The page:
Winter arrived at Berlin

2009-12-18 20:10
Finally winter seems to have arrived at Berlin as well:





Looks a little like Christmas is drawing closer. Only disadvantage of the weather: One of the breaks of my bike was frozen after very few minutes. Luckily for me, my bike has one of those old-fashioned back pedal brakes ;)

Summary - December Get Together

2009-12-16 22:23
Today the seventh Apache Hadoop Get Together took place in Berlin. The room was again packed with more than 40 people from various companies with and without practical experience with Hadoop: There were people from Nokia Gate 5, Sun, nurago, StudiVZ, Dawanda, Last.fm, nugg.ad. There were people from academia, e.g. HPI Potsdam. And a few Freelancers interested in the topic or providing help with Hadoop.

We had three very interesting talks. The first one was given by Richard Hutton from nugg.ad on their usage of Hadoop. They provide targeted advertisement services to their clients. Naturally they do need to process lots of user interactions to be able to draw reliable conclusions. nugg.ad started out with a traditional system setup: Erlang loggers in front, data got fed to well known data warehouse infrastructures, analysed and results pushed back to the frontends. However this architecture would scale only so far. So in the beginning of 2009 they started migrating their systems over to Hadoop. (A Thanks from the speaker to Tom White for publishing the Hadoop book at O'Reilly that obviously helped the developers a lot.). Today, nugg.ad is down from one to two days for analysis to one to two hours. I will link the slides of the talk as soon as I have the pdf version available.

Second talk was given by Jörg Möllenkamp on what Sun is doing with Hadoop. Sun does have "special hardware" - special in that the have systems with up to 512 virtual processors on one chip. With Solaris they do have an operating system that scales to that architecture. But now they are looking for applications that can use such hardware efficiently as well. Hadoop is well suited for distributing computations - so it looked like a great fit for Sun. Slides are available online.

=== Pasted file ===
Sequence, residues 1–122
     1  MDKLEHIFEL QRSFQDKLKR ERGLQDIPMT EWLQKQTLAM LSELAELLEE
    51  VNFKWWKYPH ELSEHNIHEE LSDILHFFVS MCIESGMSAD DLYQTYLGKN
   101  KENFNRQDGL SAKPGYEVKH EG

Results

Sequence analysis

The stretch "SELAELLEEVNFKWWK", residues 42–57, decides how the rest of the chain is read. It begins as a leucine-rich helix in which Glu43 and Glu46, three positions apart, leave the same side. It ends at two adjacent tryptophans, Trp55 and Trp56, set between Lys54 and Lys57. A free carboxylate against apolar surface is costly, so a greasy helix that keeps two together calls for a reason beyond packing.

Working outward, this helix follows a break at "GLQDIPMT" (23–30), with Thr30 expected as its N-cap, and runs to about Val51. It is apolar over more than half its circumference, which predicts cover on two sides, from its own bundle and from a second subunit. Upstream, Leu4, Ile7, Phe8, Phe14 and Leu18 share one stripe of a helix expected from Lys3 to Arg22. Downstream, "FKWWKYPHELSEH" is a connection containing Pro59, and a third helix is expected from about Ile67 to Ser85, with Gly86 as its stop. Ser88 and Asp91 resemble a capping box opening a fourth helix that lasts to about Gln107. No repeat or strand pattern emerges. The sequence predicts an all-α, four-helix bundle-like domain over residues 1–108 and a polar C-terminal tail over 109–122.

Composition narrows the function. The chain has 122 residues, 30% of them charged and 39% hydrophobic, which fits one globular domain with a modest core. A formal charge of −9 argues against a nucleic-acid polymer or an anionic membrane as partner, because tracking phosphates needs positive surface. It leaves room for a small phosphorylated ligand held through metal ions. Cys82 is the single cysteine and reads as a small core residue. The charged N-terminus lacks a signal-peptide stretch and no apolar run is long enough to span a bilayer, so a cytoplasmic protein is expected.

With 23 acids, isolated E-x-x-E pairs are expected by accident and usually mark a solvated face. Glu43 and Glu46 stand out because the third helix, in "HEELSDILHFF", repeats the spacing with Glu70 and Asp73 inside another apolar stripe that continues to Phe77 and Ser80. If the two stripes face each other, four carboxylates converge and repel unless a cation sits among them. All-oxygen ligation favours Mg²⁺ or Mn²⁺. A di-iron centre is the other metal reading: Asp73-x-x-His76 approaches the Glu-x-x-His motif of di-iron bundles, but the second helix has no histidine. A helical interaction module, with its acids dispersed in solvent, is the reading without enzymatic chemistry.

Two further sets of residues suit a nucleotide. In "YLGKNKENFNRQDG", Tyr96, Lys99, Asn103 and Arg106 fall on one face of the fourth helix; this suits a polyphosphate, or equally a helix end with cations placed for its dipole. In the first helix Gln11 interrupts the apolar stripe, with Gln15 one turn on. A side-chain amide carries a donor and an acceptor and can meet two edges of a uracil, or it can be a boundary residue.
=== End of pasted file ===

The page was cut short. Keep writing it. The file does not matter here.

The last talk was given by Nikolaus Pohle from nurago. They switched to Hadoop only recently. Coming from online market analysis, they have to analyse lots of user interaction data. Currently they are moving away from a MySQL based architecture to a distributed system based on HDFS and Map/Reduce. In order to ease writing M/R jobs for their employees they built their own abstract language on top of Hadoop that helps formulating recurring jobs. That does sound a lot like what PIG or Cascading already does - but is specially targeted at the type of jobs they have. Slides are available online. There is also a pdf version for users who prefer open formats.

If anyone should be interested in it, I also put my introductory slides online.

Next meetup will be in March 2010. It will feature a talk by Zanox on their Hadoop usage, one talk by eCircle from Munich as well as one talk by Nokia. You are very welcome to join us. If you would like to give a presentation yourself - please do contact me. If you would like to sponsor the event, please send me an e-mail.

A big Thank You to all the speakers - Nikolaus Pohle from nurago, Jörg Möllenkamp from Sun and Richard Hutton from nugg.ad - without you, the event would not be possible. Another big Thank You to newthinking for providing the venue for free. And, last but not least, another big Thank You to StudiVZ for sponsoring the videos. They will be linked to from here as well as from the StudiVZ blog as soon as they are available.

On Wednesday: December Apache Hadoop @ Berlin

2009-12-14 20:15
This week on Wednesday at 5p.m. the December Hadoop Get Together takes place in newthinking store Berlin.

Talks scheduled so far:


  • Richard Hutton (nugg.ad): “Moving from five days to one hour.”
  • Jörg Möllenkamp (Sun): “Hadoop on Sun”
  • Nikolaus Pohle (nurago): “M/R for MR - Online Market Research powered by Apache Hadoop. Enable consultants to analyze online behavior for audience segmentation, advertising effects and usage patterns.”


There will be videos after the event linked to by StudiVZ (thanks for sponsoring) after the Meetup is over.

As this is the last Meetup before Christmas there will be cookies waiting for you.

If you want to get notifications of future events on Apache Hadoop, NoSQL, Apache Lucene - be it trainings, meetups or conferences - feel free to subscribe to the Mailinglist or join the Xing Group that accompanies the Berlin Get Together.